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The silent axe: Driving Palestinian olive farmers off their land

The daily terrorism directed against Palestinians in the West Bank is reliant on the despair Palestinians have for the Israeli justice system. A case in point: olive trees burned to the ground.

By Yesh Din, written by Yossi Gurvitz

A Palestinian man extinguishes an olive tree that was set alight. Hundreds of olive trees were burned in the West Bank village of J’alud, October 9, 2013. (Photo: Yesh Din)

Amira Hass last week wrote about the “quiet terror attacks,” the ones Israelis don’t hear about. They occur on an almost daily basis and they are directed at Palestinian agriculture. Time after time, Palestinians’ trees are set on fire, uprooted or cut down. Time after time, it happens in an area that is under Israeli control. Time after time, it happens within spitting distance from Israeli settlements or outposts that are surrounded by soldiers, policemen, security cameras and more. Time after time, the people responsible evade justice.

Read also: Settler violence: Think of it like burning down a Jewish business

Hass noted that the attacks are quiet, because the Israeli media and the IDF are in cahoots to cover up what, at best, is military incompetence of the first rank and, at worst, is aiding and abetting agricultural terrorism. But there’s another reason that these events fade into the background. Aside from the Israeli public’s disinterest in knowing what is happening in their name and with their tax shekels; and aside from the tendency of for-profit organizations who once were proud of saying that the public needs to know but nowadays just prefer to avoid angering the buyers of the ads they envelope in text, there is another factor: the fact that Palestinians despair of reporting the incidents. Here is a case in point.

Abd Al-Razeq Mahmmoud Abd Al-Karim Amer is a farmer from Qaddum who is all too familiar with the dark side of the Israeli occupation. Every year his plot of land, situated near the settlement of Qedumim, is attacked on the eve of the olive harvest. He lodged several complaints with the Israeli police in the past, to no avail. In 2008, Amer saw the vandals who ran amok on his plot with his very own eyes; the police investigator told him that does not constitute evidence.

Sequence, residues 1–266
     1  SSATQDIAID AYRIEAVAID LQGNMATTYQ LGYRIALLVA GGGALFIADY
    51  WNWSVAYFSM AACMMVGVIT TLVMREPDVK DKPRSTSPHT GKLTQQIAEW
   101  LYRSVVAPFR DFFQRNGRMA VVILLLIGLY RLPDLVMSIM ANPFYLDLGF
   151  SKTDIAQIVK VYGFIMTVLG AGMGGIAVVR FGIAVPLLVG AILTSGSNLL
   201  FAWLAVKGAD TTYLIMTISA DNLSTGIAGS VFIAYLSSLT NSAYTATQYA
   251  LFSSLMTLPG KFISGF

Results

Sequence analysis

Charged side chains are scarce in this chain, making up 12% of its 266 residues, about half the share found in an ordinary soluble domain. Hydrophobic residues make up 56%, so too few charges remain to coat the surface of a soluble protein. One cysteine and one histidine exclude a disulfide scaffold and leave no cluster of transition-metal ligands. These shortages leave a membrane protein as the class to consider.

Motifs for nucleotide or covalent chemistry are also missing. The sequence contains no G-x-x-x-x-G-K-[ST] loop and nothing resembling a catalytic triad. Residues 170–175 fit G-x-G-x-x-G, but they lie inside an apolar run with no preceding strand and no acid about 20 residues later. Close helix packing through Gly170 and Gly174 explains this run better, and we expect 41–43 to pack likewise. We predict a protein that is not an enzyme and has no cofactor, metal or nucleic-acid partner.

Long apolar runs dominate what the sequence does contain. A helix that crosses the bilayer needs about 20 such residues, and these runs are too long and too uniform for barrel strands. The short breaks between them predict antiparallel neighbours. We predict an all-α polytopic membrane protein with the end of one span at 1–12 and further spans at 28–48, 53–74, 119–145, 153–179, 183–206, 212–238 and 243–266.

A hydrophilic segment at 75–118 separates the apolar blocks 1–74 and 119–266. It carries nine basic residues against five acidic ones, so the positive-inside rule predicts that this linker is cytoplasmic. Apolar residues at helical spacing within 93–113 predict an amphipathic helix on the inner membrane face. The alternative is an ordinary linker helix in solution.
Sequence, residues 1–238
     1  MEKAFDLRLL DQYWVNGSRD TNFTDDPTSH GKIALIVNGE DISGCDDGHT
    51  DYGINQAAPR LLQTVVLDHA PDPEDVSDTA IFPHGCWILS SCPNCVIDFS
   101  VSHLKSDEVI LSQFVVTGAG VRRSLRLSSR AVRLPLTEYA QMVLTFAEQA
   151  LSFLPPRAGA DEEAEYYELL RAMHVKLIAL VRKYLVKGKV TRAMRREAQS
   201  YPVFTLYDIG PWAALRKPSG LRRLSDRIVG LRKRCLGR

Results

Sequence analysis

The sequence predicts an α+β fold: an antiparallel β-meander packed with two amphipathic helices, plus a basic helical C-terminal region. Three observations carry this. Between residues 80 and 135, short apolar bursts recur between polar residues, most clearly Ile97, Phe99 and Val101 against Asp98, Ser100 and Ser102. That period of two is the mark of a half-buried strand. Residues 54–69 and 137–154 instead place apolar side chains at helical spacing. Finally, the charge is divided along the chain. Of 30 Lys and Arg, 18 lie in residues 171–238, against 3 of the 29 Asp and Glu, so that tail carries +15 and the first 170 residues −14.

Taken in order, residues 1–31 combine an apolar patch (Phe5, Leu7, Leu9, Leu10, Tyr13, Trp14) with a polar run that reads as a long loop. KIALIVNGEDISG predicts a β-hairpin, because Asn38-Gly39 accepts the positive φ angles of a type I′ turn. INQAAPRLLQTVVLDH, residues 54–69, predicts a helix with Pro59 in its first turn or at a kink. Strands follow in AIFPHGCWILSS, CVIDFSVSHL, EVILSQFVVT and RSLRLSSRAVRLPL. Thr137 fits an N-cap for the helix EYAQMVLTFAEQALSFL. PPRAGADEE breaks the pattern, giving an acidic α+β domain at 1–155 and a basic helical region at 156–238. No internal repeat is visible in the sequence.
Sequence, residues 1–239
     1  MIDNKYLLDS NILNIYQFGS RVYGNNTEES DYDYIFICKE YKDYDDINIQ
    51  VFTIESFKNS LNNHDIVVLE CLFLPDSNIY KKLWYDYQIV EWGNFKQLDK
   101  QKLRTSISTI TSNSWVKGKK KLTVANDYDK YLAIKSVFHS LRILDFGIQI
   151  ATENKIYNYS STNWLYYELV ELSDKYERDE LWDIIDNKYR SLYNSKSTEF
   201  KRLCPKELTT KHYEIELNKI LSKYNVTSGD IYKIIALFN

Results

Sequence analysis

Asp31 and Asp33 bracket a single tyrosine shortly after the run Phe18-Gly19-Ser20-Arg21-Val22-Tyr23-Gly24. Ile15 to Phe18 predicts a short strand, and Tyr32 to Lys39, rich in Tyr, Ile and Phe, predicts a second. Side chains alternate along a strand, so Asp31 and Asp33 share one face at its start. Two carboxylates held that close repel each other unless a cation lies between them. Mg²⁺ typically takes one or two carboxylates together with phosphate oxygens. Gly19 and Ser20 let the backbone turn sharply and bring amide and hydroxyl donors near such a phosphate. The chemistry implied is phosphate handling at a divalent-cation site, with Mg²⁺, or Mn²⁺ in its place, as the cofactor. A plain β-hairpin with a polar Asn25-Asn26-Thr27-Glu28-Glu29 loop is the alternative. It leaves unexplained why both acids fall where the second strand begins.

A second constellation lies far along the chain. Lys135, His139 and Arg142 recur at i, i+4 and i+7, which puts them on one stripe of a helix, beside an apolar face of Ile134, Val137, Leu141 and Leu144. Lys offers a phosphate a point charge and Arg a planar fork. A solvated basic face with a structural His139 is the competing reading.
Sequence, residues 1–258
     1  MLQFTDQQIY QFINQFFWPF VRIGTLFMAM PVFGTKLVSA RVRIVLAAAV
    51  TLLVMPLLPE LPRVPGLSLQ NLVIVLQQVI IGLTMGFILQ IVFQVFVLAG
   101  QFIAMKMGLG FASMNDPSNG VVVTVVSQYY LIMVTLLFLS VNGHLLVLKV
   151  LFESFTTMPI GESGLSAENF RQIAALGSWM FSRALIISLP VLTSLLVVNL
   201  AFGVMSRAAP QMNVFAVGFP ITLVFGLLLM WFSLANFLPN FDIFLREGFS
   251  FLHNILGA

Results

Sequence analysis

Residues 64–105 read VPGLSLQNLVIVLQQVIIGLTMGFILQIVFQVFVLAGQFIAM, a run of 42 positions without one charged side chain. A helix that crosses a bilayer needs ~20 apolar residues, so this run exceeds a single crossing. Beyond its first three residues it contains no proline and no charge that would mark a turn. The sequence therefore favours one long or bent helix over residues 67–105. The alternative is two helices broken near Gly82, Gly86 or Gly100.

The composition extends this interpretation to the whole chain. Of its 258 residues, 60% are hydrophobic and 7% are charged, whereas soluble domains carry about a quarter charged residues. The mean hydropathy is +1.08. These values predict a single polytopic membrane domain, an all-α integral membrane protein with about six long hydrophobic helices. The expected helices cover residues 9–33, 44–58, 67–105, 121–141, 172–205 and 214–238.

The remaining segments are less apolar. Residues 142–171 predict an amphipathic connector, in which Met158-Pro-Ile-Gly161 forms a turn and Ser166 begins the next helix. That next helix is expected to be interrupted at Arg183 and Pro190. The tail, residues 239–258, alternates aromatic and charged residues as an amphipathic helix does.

One night last September, Amer was asleep at home when his sons’ shouts awoke: from the house, they could see the fire and smoke arising from the plot of land. The sons and his neighbors called the fire brigade and tried to save what they could. The following morning they were able to assess the damage: 27 olive trees, estimated to be between 40 and 45 years old, were burned; 70 saplings, about three years old, were broken. Amer believes they were broken before the night of the fire.

Read also: IDF ‘punishes’ activist, bars access to olive trees behind wall

But he cannot know for certain. He has no access to his plot of land, which is adjacent to the settlement of Qedumim, other than the two visits per year that he is required to coordinate with the army. The settlers, of course, have free access to it. Even if Amer were to encounter the settlers while they were destroying his saplings there would have been nothing he could do: the settlers are armed, after all, are backed by the strongest army in the Middle East. Were Amer to protect his property from them, in the best case scenario, he would find himself under arrest, and in the worst case scenario he could be yet another fatality of our forces’ fire, whose unfortunate death would only be investigated long after everyone has already forgotten about it.

It was not a coincidence that the fire broke out just before harvest time: that’s how our dear brothers make clear to Amer and his ilk that there is no point in continuing to fight over the plot: anonymous saboteurs will reach it, year after year. Wouldn’t it be better to give up the dwindling property and the heartache, and emigrate – as did, for instance, many of the villagers residing next to the outpost Adei Ad?

Amer has almost given up. He is unwilling to waste the time needed to file a complaint with the police. After all, its failure rate in investigating damage to crops is more than 97 percent. This isn’t a coincidence; this is the commander’s spirit we’re seeing. And Amer is not alone: time and again, we receive reports from Palestinians about incidents, saying they are unwilling to press charges because there is no point, but they want the incident to be published somehow. The chopping down of Amer’s trees won’t appear in the statistics of the police, and therefore it will mostly fade away. It is an actual event, but the self-enforced thought-police of the Israeli media will negate it.

Written by Yossi Gurvitz in his capacity as a blogger for Yesh Din, Volunteers for Human Rights. A version of this post was first published on Yesh Din’s blog.

Related:
Settler violence: Think of it like burning down a Jewish business
WATCH: Masked settler beats Palestinian with metal pipe

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    1. “what, at best, is military incompetence of the first rank and, at worst, is aiding and abetting agricultural terrorism” : The State’s imposed monopoly on retaliatory measures, including legal redress, attaches this destruction to Israel. The vandals become agents of the State, limited only by what the State disallows. Israel is failing its own justice system.

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